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Location: Baltimore-DC Area

Author who writes for a living and lives for writing. // WOMB: a novel in utero (Merge Publishing 2017) // TRACKS: A Novel in Stories (Atticus Books 2011) // FLIGHTLESS GOOSE, a storybook for children (Writers Lair Books 2008) // www.EricDGoodman.com

Monday, May 07, 2007

Literary Magazine Editor Inside Secret

This weekend I attended the Conversations and Connections Conference at The Writers’ Center in Bethesda, Maryland -- the nation’s oldest literary center of its kind.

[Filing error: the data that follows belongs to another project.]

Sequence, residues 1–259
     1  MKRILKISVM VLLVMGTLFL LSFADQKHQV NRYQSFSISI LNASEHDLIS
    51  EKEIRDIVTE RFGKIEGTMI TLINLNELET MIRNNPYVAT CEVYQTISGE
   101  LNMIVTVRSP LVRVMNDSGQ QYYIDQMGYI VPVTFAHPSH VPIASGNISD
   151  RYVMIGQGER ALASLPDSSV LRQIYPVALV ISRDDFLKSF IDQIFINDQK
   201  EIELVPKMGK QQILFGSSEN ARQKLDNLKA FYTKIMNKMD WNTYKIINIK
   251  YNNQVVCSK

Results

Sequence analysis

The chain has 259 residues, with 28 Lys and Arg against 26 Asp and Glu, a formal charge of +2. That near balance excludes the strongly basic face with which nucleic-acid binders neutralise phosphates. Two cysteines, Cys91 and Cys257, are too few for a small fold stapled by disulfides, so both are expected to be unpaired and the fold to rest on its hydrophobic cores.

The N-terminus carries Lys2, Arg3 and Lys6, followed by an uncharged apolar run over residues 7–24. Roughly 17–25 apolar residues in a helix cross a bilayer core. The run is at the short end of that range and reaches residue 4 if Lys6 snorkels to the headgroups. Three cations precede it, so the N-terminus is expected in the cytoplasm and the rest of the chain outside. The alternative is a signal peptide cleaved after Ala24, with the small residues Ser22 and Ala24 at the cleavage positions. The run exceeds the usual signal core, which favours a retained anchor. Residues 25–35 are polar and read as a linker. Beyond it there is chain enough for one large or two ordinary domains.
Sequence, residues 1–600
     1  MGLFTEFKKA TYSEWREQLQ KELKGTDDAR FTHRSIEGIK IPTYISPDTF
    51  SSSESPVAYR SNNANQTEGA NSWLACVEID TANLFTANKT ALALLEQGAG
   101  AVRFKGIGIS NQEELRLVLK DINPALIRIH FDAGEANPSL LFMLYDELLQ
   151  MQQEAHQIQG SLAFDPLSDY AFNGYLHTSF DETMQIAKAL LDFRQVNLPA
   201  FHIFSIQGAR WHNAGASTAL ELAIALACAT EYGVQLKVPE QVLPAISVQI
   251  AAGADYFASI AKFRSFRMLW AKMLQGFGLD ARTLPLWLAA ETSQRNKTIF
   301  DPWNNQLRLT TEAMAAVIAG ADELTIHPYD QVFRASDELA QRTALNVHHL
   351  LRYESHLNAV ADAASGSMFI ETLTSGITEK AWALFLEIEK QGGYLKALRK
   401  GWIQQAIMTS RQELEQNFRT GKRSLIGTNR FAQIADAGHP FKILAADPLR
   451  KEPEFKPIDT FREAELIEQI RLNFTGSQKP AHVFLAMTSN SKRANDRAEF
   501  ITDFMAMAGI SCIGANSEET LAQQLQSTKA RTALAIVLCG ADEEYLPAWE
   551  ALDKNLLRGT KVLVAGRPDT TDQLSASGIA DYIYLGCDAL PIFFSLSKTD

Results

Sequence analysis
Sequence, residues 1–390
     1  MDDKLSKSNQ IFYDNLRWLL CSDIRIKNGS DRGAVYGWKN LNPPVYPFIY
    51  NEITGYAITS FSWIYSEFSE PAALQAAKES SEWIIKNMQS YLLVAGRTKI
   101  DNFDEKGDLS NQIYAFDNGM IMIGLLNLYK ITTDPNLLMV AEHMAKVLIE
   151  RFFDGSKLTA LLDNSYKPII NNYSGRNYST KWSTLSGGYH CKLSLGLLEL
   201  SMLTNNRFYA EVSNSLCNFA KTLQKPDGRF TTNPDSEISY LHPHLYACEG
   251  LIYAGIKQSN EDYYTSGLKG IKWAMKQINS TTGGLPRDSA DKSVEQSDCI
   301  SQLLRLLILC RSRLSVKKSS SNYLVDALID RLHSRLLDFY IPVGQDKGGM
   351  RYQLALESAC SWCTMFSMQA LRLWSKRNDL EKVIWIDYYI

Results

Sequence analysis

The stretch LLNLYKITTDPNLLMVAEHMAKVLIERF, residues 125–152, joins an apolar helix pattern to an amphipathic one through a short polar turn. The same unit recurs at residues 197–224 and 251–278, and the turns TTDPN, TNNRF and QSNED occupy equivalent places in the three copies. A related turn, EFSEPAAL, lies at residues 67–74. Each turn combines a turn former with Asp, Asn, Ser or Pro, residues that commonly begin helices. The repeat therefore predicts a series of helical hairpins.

It was a great conference, packed with more than thirty editors from literary magazines and journals.

Some of the secrets revealed were common sense, others just good refreshers. Read several issues of the publication before submitting, follow submission guidelines, make sure the work you’re submitting is its polished best.

But here’s something that may be new to many writers: most initial decisions are made in the first couple paragraphs.

Many writers know Noah Lukeman’s book The First Five Pages, which explains that the majority of book manuscripts are rejected within the first five pages. It’s important to grab a reader and keep them reading.

So it makes sense that most short story submission are rejected within a couple paragraphs -- a half a page or less.

As you prepare your submissions for literary magazines and journals, ask yourself this: are you hooking the editor within the first two paragraphs?


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